How do we overthrow patriarchy? Why do we have the crisis of violence against women? What is the role of activism in creating political change? Why did #MeToo take off – why right now?
There was no soft easing into some of the biggest questions of the moment at the Canberra Writers Festival panel discussion on ‘Women, Men and the Whole Damn Thing’ featuring Gillian Triggs, Sally Rugg, Jane Gilmore and David Leser, and facilitated by Jane O’Dwyer.
The ‘why now?’ question is particularly pertinent in Australia, where despite the relentless efforts of dedicated individuals and groups to change the status quo, gender equality has progressed at a glacial pace and pushback against progress is a constant reality as evidenced by the World Economic Forums damning figures on the country’s backwards slide in the global context.
“It’s a shocking reflection on what’s happened in Australia”, argued Triggs, former president of the Australian Human Rights Commission, and recently appointed as the UNHCR assistant secretary-general.
Previously, visibility has played a significant part of the problem. As the #MeToo campaign entered the public discourse, the gendered differences in the awareness of this problem became immediately obvious. “Men were so surprised, but nothing in it was new for women”, Gilmore argued. “Men were shocked about the amount of trolling on social media. But women went, ‘No, that’s just Wednesday’.”
#MeToo is the modern expression of the ancient rage, but it’s now being heard around the world. I thought I knew the territory.. but I had no idea
Leser concurred: “#MeToo is the modern expression of the ancient rage, but it’s now being heard around the world. I thought I knew the territory.. but I had no idea.”
Which brings us straight back into the age-old question of men’s role in bringing about change. Do men just need to ‘shut up and listen’, as Leser’s daughter told him when he first wanted to write about #MeToo? Or should they play a more active part? The answer, of course, is ‘it’s complicated’.
Leser did not write his book for women, nor does he attempt to preach to those already converted. And that is precisely its strength. Unpalatable as it might be for some to have a middle-aged white man occupy the very space at the heart of contestation, and tell the stories activist and scholars have been trying to push to the surface for years, the reality is that his contribution fills a vital gap, one that thus far has been out of the reach for many others.
Sally Rugg, Executive Director at change.org and former Campaign Director at GetUp where she led the campaign for marriage equality, also expressed a nuanced view on the divisive topic of who is allowed to speak for others. “Significant social change cannot happen without allies. Without the support of mainstream communities, marginalised communities struggle to have their voices heard.”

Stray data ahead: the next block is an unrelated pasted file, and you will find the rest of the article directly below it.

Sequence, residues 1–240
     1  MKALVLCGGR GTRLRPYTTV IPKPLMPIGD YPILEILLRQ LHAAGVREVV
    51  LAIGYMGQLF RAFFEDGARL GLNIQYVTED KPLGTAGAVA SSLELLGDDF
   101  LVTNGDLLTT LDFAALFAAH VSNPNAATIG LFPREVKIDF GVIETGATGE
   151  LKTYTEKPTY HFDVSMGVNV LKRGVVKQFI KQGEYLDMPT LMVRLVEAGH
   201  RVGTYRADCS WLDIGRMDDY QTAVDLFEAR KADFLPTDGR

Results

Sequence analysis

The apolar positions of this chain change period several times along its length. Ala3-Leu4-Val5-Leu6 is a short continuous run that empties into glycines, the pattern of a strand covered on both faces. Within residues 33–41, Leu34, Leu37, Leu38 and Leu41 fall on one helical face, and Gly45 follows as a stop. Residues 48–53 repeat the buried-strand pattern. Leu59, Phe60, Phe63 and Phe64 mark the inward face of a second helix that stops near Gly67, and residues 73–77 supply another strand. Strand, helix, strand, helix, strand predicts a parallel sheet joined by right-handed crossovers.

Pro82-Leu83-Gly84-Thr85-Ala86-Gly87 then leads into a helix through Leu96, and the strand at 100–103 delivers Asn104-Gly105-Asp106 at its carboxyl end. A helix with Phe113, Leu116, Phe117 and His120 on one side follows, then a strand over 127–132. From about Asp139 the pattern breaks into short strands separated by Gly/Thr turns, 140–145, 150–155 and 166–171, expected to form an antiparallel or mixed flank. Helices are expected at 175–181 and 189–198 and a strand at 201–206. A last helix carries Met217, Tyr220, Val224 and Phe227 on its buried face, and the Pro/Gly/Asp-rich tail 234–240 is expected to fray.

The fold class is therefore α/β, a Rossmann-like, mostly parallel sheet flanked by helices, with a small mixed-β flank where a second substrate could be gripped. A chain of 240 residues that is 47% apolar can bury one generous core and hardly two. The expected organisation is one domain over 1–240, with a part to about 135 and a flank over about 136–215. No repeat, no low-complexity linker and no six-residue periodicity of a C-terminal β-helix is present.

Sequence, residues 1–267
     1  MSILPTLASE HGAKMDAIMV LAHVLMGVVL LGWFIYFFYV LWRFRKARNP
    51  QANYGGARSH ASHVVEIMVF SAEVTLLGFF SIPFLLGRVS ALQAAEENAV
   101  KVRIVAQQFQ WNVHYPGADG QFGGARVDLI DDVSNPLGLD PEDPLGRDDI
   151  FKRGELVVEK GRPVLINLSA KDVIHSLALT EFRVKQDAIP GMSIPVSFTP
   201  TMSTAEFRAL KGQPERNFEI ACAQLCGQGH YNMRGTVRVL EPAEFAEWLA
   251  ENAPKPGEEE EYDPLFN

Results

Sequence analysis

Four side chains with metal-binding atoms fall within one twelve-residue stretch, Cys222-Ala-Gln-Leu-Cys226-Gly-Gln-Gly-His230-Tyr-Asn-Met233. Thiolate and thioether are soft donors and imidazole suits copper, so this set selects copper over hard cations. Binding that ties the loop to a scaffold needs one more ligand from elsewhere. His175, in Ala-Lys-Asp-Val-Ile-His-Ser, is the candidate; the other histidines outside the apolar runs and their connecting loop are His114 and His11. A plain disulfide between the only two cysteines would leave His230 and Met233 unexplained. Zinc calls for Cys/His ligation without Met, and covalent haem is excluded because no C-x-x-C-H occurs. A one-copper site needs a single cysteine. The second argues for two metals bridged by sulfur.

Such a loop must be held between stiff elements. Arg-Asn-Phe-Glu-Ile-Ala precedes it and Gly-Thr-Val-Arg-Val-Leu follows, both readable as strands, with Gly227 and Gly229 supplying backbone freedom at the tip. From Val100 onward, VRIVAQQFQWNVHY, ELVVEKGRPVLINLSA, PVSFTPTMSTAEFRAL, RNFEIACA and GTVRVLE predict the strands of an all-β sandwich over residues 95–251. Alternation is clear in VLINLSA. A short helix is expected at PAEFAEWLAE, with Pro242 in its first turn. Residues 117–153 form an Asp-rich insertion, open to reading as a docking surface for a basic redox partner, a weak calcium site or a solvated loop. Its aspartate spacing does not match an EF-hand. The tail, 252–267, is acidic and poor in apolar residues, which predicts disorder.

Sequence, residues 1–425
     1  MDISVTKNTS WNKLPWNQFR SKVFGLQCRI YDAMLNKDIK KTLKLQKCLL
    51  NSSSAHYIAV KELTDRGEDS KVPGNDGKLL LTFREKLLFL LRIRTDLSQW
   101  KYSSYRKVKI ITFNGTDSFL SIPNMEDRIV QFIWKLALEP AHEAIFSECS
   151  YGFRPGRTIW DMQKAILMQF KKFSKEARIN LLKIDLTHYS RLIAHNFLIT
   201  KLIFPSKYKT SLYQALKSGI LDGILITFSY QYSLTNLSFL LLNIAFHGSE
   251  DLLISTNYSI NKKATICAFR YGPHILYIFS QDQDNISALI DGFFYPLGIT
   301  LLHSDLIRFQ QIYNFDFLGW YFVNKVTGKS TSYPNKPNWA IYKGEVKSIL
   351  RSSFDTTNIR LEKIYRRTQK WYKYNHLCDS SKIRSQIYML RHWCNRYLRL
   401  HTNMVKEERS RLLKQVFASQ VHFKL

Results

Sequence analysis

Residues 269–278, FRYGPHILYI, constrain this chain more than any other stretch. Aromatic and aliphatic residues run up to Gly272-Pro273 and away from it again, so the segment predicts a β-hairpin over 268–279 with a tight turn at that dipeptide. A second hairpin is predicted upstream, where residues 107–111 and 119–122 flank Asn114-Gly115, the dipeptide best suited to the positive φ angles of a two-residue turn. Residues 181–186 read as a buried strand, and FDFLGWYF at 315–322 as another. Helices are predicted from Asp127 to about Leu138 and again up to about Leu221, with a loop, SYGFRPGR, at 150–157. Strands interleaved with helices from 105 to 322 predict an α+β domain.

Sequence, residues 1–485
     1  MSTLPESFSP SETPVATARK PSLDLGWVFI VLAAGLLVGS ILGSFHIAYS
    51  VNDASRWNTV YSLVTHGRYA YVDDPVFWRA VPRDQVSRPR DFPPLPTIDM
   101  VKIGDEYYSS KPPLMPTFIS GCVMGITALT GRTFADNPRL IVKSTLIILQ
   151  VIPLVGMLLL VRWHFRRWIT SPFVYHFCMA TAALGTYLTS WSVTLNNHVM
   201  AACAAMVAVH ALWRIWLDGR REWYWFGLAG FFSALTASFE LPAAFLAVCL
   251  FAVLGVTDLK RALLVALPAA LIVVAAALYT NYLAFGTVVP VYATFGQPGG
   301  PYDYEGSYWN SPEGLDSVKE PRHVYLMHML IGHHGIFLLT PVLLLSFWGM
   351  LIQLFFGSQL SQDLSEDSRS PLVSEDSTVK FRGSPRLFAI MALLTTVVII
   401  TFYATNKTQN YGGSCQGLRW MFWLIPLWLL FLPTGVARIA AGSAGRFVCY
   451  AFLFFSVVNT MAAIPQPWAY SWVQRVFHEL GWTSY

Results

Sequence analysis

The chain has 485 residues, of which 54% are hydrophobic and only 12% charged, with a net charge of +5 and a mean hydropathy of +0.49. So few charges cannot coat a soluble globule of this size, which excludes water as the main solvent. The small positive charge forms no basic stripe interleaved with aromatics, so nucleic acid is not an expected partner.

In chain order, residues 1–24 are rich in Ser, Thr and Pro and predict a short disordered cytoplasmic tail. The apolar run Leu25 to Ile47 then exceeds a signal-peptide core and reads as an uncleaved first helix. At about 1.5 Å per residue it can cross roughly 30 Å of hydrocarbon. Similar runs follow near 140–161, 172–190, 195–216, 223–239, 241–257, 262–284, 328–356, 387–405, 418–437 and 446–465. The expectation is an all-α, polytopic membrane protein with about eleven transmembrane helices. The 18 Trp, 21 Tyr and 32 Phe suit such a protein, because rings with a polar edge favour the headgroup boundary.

Women working in factories, in precarious, low-paid jobs – they have no voice. Can the campaign speak for them?
But this is still a fraught territory to navigate, as Triggs so aptly argued. “The world was interested because the #MeToo campaign took place in a glamorous environment. But we know that the greatest impediment to equality is the uneven distribution of labor. Women working in factories, in precarious, low-paid jobs – they have no voice. Can the campaign speak for them?”
Gilmore agreed, “#MeToo is a story of racism. A black woman, Tarana Burke started the campaign 10 years before Alyssa Milano used the hashtag on Twitter. We know that the more vulnerable you are, the more likely you are to experience oppression, and be a victim of violence. We need to talk about that. We need to start with the marginalised.”
Which brings it back to control and power. Even relatively recently, women often lacked financial independence and were therefore easier for men to exert control over. Now, as some improvements have happened in this area, men have to work harder to maintain control, which may in turn contribute to the crisis of violence against women. At the same time, the election of misogynists such as Trump to the highest levels of power have given men the legitimacy to perpetuate this behavior at home.
So, how do we move forward?
Triggs argued that power comes with autonomy. “We need to look at practical ways of giving women that autonomy.” She also cautioned against taking any progress for granted. “We’ve had the Sex Discrimination Act since 1984. Back then we thought the problem was fixed.”
But while having the appropriate policies to protect the vulnerable are crucial, the panelists also believed in the collective power of people themselves to make a difference.
Gilmore argued that there was room for more radical action, “We need more protests in the streets.” Rugg echoed the sentiment, “People in power want to make you believe that activism doesn’t work. But don’t listen to them. Look at the marriage equality campaign. We saw the country heave with rainbows, people in the streets.. It was extraordinary.”
“We as Australians have the power to change things. I’ve seen it before, we can do it again.”
And while #MeToo may have been slow to bring about actual structural change in Australia, there is also evidence that men are starting to listen. There’s a growing awareness of the ways in which patriarchy hurts both men and women, and the need to allow boys to express their vulnerability without being bullied or mocked for it.
For Leser, this was the crux of the matter. “How can a man violate a woman? Something happened to them when they were growing up that severed them from their heart. We need a revolution of our psychology. We need a revolution of masculinity.”